Be like Teflon

March 21, 2013

“Like Teflon…”  That is what I say to my executive coaching clients. You have to be like Teflon when others are throwing darts.  Just let it slide right off like eggs on a Teflon pan.  It’s not easy to do but this is one of the best responses when colleagues, former friends or even family members are throwing verbal darts.  In all my years of coaching, I’ve seen many responses to gossip, interpersonal difficulties and even out-and-out professional and personal attacks.  I’ve seen scenarios blow up into something much bigger than it originally started out, and I’ve seen scenarios where it just went away over a few days or weeks.  In my experience, the latter is much better.  There is less collateral damage, and the number of people injured by the verbal response and defense is minimized.

I know you are probably agreeing with me so far.  You may be thinking “Right!  That’s exactly what people should do.”

It’s easy to say, and it’s easy for me to write, but let’s face it.  It is VERY difficult to do.  Think back on your most recent experience of someone saying something about you either professionally or personally that wasn’t true or accurate in the way that they were positioning the information.  Our first response is almost always to defend ourselves, to set the record straight and to clear up the other person’s incorrect thinking and most of us have in fact, jumped into the verbal tennis match more than once, me included.

The only problem is that it doesn’t work.  It almost never gets the result that we want.  Instead of making our point and clearing the air, what typically happens is that we come across as defensive and as operating on the exact same level as our attacker.

On the other hand when we don’t engage, the whole scene usually fades away over the next few days or weeks.  I can think of a recent experience in my home when my husband and our teenager were beginning the cycle of a heated back and forth.  Since I wasn’t in the engagement, I could see more clearly and started helping my husband by saying “Abort! Abort!”  He realized he had been sucked into the battle and immediately just stopped talking.  Our teenager, left with no one to battle, stomped off to curl her hair only to reemerge a few minutes later in a good mood as if the whole incident had never happened.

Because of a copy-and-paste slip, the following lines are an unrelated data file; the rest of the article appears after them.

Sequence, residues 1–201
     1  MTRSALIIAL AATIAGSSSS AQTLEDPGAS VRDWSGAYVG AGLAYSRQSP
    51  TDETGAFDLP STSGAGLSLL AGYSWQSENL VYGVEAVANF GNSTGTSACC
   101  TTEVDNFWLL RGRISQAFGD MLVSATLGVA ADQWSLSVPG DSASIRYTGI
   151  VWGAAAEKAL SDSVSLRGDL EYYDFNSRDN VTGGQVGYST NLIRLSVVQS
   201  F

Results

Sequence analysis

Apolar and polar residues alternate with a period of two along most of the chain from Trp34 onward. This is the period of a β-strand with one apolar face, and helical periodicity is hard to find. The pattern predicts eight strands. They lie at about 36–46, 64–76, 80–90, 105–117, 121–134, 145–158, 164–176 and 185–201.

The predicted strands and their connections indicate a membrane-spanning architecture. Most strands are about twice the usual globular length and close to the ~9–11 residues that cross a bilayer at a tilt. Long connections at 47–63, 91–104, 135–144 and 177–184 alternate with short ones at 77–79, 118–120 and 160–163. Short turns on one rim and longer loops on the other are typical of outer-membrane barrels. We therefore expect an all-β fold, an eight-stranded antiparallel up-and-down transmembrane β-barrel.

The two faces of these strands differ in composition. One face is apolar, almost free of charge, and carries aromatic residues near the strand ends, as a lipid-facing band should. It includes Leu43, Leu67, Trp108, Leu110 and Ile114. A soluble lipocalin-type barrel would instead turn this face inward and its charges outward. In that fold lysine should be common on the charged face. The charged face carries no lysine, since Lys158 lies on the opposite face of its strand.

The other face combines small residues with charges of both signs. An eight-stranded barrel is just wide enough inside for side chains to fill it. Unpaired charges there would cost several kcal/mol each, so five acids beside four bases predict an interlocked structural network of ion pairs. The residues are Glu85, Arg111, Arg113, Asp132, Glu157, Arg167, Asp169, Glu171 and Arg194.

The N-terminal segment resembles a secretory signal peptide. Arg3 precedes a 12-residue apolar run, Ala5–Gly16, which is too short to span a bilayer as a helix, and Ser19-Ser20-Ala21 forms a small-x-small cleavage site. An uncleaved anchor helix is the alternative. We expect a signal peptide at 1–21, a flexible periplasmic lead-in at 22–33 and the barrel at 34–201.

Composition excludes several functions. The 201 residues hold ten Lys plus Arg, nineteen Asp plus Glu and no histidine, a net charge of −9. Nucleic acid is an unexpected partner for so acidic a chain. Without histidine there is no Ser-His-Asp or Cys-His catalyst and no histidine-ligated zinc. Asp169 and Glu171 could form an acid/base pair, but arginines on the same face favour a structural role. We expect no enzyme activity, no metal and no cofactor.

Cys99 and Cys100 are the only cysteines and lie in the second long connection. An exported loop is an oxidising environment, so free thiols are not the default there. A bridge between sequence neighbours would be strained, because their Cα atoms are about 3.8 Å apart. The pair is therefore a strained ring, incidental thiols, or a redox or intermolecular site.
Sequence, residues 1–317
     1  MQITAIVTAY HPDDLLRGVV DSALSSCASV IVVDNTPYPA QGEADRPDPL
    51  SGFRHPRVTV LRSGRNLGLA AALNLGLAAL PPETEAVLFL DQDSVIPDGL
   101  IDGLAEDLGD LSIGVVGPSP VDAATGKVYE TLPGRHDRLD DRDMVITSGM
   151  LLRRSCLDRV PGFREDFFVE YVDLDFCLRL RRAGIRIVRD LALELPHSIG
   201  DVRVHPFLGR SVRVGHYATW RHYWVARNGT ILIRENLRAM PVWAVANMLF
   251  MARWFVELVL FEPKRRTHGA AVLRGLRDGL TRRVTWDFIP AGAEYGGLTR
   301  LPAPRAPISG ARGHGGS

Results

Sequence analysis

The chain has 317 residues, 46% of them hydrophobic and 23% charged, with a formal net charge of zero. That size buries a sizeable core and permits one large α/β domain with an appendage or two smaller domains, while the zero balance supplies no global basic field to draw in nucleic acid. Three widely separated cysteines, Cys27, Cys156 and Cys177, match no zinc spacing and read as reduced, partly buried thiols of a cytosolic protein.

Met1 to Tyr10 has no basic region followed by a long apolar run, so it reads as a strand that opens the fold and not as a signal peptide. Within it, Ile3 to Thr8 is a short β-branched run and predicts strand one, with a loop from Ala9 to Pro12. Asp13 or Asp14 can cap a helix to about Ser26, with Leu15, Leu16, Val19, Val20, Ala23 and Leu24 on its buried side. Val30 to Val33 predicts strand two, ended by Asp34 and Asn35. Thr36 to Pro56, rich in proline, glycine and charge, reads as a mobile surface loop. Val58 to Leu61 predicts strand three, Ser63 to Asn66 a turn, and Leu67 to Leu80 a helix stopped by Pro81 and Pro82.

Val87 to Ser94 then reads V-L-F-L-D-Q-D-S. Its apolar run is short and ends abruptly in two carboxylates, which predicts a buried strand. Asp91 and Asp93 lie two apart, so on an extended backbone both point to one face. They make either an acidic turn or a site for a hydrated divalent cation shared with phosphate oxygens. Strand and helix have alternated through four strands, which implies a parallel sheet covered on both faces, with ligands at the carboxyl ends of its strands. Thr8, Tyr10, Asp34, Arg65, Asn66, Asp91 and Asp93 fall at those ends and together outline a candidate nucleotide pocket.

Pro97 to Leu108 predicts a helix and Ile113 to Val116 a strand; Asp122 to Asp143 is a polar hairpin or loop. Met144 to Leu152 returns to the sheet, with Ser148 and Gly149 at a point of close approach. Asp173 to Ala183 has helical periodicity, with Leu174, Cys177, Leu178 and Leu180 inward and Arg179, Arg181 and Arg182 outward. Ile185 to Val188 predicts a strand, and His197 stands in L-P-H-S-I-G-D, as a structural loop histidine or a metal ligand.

A workplace version of this scenario happened to one of my coaching clients last year.  A Vice President in a large, publicly-traded company was the target of internal sabotage by another Vice President who hoped to outlast him, since he couldn’t seem to outperform my client.  My client wanted to punch his lights out but had opted for an out-and-out confrontation, preferably with their boss in the room.  I came in as he was preparing his points for this crucial conversation.

“Wait!”  I said.  Let’s think this thing through.  “What do you expect to gain from this confrontation?” I asked.

“I expect to straighten this jerk out and hopefully my boss will see what an idiot he is!”  He answered.

“I hear you, and I know you want to do that, but I would like to challenge you to take a different approach.”

“Well, ok.” He answered. “What approach is that?”

“I propose that you do absolutely nothing about what he is saying.”  I said as I saw his face turn a little pale.

“I know.  Hear me out”  I said.  “Instead of using your energy to prove him wrong, what if you use all of that energy to get more results for the company?”  “Which one do you think will yield the greatest harvest in the end?”

“Probably the results.” He answered, clearly disappointed to have to give up his encounter with the enemy.

“Yes, and if I remember right, you are going for SVP, so let’s stay focused.” I encouraged.

He got the message and did not confront his workplace nemesis.  Within 7 days, the whole thing had died down and turned into nothing.  We can never know for sure, but I feel confident that if he had confronted his peer, it would have turned into a big deal with Human Resources having to get involved and an irritated boss in the middle of it.

You may be experiencing a situation where the verbal attacks are coming straight for you and causing you a lot of pain.  I know I’m asking a lot, but just this once, experiment with me.  Don’t answer. Be like Teflon and let it slide right off.  I have a feeling, you are going to like the results.


An All-Women Senior Leadership Team?

March 20, 2013

Leader’s Question:  We now have a senior leadership team that is made up of all women.  Is this a strength or a weakness for the organization?

Bonnie’s Answer:
In my experience working with many women and men across many organizations there are not a lot of all-women teams in senior leadership.  In fact, there are still a lot more all-male teams at the top, which never ceases to surprise me given the changing demographics in the workforce.  However, I expect we will see more and more all-women teams as women will soon exceed 50% of the workforce.

We are more likely to see all-women teams when we move below the C-suite.  There we find that women team members are often seen as intelligent, hardworking, compassionate, outgoing, and creative, so their contribution to a team cannot be underestimated but men and women are different.  Women typically approach both team and individual work slightly different than their male counterparts.  All-women teams are often efficient, focused and results-oriented.  They often get the job done with speed and accuracy and expect to be recognized without a lot of self-promotion. They expect everyone to do their part and may be incensed when a team member slacks.   On the other hand, male-dominated teams often outshine all-female teams not because they are better but because they are quick to point out their successes versus the all-women team who assumes that their “superior” work will naturally receive the greatest recognition.  If only….

Another plus and minus of all-women teams is their ability to multitask.  Women are often masters at multitasking, but this can also be the team’s downfall if not managed appropriately.  The team can become fractured in their efforts and stray from the designated path.  Women teams may make excellent decisions; however, they are sometimes slow to make them which can cost the company time and money.  Slow decisions are, at times, counteracted with quick action in an all-woman team so there are checks and balances.